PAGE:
Yesterday, October 7th, two people were killed in a terrorist attack on a polio vaccination campaign in the troubled frontier city of Peshawar in Pakistan. Despite being one of the few nations in the world were polio remains endemic, attacks on vaccination workers are not uncommon. Rumours and distrust of the vaccines are spread by fundamentalist clerics in the country, and large swathes of the country remain unvaccinated despite the authorities’ desire to eradicate the disease and amidst continuing warnings from the World Health Organisation. Recent weeks have seen numerous serious terrorist attacks in Pakistan, raising fears of further destabilisation surrounding the nation’s already acute security challenges. In particular, further moves to attack aid organisations and ethnic minority groups are particularly concerning.
The blast happened outside a health clinic in Sulemankhen, on the outskirts of Peshawar, yesterday. Two people were killed, one a police officer and the other a local member of a ‘volunteer peace committee’. 20 people, mainly members of the police, were also injured in the attack. A second, larger, device was found at the scene and diffused. Monday was the third and final day of a campaign aiming to vaccinate 10’000 children through Khyber Pakhtunkhwa province, and the bomb was detonated remotely when police gathered to protect the vaccination teams.
A faction of the Pakistani Taliban, Jundullah, has claimed responsibility for the attack, releasing a statement saying “Jews and the United States want to stamp out Islamic beliefs through these drops”. Jundullah is a prolific terrorist organisation, and has been connected with numerous attacks throughout Pakistan in recent months, including the murder of climbers in Gilget-Baltistan in June and last month’s attack on the Christian community in Peshawar.
Vaccination campaigns have come under attack in Pakistan before. Earlier this year, also in Peshawar, two female aid workers were shot dead, while another 8 vaccination workers were murdered in December last year. The use by the CIA of a fake hepatitis vaccination program to gather intelligence about the whereabouts of Osama Bin Laden in 2011 has reportedly damaged the reputation of aid and vaccination programs in Pakistan. However, issues with vaccinations have been fermenting for several years outside of this, with Islamist propaganda in Pakistan often claiming vaccination programs are attempts by the West to sterilise Muslim populations, or that the vaccines are ‘un-Islamic’ as they supposedly contain pork derivatives. This phenomenon has manifested in other countries with similar strains of Islamist militancy such as Nigeria, which saw the murder of nine vaccination workers earlier this year.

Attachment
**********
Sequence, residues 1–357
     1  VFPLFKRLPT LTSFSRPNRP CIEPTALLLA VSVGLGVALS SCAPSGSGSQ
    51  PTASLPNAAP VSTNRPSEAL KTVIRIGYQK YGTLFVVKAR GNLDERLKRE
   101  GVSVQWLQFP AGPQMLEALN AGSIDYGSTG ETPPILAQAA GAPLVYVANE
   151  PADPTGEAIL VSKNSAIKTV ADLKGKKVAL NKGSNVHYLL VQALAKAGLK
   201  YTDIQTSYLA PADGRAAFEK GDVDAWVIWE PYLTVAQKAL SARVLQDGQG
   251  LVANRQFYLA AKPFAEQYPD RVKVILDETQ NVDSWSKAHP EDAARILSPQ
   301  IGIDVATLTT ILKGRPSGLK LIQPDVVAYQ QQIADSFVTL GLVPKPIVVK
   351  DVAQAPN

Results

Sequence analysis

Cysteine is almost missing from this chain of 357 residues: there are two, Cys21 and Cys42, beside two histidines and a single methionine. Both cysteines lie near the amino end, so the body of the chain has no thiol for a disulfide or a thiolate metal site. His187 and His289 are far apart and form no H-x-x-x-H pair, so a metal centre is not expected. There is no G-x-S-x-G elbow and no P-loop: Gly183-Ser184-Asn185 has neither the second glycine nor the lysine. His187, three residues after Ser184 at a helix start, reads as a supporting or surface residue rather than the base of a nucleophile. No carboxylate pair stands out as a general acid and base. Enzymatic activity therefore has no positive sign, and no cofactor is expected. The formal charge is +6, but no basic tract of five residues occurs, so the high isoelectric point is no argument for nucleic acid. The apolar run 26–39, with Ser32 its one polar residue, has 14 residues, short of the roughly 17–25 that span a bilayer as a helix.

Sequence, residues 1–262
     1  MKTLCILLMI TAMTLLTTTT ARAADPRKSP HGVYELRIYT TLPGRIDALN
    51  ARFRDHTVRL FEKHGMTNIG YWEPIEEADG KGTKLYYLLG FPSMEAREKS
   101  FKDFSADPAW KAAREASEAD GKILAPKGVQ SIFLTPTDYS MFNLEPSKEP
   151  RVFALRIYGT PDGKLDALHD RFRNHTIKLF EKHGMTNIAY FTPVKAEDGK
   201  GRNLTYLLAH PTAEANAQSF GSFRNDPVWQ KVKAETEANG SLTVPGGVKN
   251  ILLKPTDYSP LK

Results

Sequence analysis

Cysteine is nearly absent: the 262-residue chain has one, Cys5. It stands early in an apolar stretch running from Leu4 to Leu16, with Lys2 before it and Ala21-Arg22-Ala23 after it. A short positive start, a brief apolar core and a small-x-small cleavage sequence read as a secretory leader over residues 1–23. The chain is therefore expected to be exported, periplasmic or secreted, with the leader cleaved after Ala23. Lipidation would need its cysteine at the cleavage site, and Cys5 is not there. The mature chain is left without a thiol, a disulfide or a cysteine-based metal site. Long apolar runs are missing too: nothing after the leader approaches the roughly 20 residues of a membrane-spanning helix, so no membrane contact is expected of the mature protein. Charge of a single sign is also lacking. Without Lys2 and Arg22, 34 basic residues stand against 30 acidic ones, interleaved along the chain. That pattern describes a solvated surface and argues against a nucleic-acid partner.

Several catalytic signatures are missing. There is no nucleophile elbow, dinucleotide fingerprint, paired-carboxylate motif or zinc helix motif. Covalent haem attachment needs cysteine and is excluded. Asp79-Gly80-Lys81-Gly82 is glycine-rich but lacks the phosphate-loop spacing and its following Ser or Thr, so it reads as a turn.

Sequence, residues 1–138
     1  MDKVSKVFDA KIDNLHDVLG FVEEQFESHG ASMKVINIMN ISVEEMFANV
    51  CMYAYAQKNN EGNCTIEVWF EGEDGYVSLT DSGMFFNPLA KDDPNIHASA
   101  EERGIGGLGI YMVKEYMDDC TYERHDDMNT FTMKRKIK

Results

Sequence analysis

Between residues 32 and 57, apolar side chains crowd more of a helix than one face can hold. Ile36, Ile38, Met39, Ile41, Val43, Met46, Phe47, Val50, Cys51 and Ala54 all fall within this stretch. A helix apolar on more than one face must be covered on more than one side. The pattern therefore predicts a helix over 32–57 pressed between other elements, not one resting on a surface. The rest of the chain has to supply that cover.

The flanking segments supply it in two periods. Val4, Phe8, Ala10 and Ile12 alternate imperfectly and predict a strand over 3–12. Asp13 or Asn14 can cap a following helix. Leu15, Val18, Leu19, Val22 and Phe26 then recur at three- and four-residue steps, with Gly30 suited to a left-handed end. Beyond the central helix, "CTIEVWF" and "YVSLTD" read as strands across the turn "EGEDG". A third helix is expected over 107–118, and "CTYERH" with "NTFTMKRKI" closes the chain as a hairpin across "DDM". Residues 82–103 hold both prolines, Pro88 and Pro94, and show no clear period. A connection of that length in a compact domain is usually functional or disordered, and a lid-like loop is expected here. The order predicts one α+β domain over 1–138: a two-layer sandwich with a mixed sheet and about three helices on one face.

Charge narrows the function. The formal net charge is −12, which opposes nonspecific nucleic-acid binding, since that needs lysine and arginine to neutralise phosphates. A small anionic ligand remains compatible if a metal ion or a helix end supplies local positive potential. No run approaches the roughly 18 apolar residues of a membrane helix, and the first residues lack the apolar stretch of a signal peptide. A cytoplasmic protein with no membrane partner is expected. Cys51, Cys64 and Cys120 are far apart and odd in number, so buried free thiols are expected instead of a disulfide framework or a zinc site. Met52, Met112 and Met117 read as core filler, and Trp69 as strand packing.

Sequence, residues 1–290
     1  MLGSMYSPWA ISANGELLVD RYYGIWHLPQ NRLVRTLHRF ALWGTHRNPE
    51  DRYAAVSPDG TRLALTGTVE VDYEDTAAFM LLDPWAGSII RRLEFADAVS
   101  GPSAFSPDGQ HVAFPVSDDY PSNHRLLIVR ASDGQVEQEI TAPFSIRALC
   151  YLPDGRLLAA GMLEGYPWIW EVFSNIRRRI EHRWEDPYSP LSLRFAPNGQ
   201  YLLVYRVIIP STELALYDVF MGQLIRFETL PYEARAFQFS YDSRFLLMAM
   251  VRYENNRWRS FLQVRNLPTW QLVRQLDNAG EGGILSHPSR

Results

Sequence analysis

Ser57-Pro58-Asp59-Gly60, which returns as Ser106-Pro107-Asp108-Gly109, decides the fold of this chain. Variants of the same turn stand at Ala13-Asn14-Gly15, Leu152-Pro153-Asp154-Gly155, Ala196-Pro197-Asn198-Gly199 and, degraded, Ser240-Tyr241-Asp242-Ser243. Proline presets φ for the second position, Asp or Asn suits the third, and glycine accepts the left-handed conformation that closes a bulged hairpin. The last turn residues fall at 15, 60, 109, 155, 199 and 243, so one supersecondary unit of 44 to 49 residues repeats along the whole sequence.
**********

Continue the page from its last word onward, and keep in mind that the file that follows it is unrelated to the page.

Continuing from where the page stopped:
Largely seen as an anachronism in the West, polio remains endemic in only three countries worldwide – Nigeria, Afghanistan and Pakistan. Amidst increasing rates of the disease in Pakistan and the warnings of international health organisations, the Pakistani authorities have launched campaigns in attempts to eradicate the disease in recent years, but have faced widespread resistance in the fractious and restive border and tribal areas.
This recent attack comes amidst a spate of serious attacks throughout the country in recent weeks that have killed over 150 people. Despite the government of Prime Minister Nawaz Sharif making overtures to militants late in August, the security situation in Pakistan appears to be becoming increasing unstable, with the country’s regular terrorist attacks showing no sign of abating. The Pakistani authorities have been criticised in the past for the lack of a coherent or robust national security strategy, and with elements of the Pakistani state widely seen as collaborating with some terrorist movements, serious doubts remain about their ability to contain the violence. Currently, all the indications are that the security situation in Pakistan is only likely to deteriorate further in the foreseeable future.
A particularly concerning trend is a diversification of the victims targeted in terrorist attacks, as opposed to the traditional targets of Shia Muslims or the Pakistani security forces. Recent months have seen the murder of foreign mountaineers at the base of Nanga Parbat, attacks on Pakistan’s tiny Christian minority and yesterday’s targeting of an UN-backed health campaign. As such, the security risks for foreigners in Pakistan remain severe and are only set to increase if, as seems likely, this trend continues.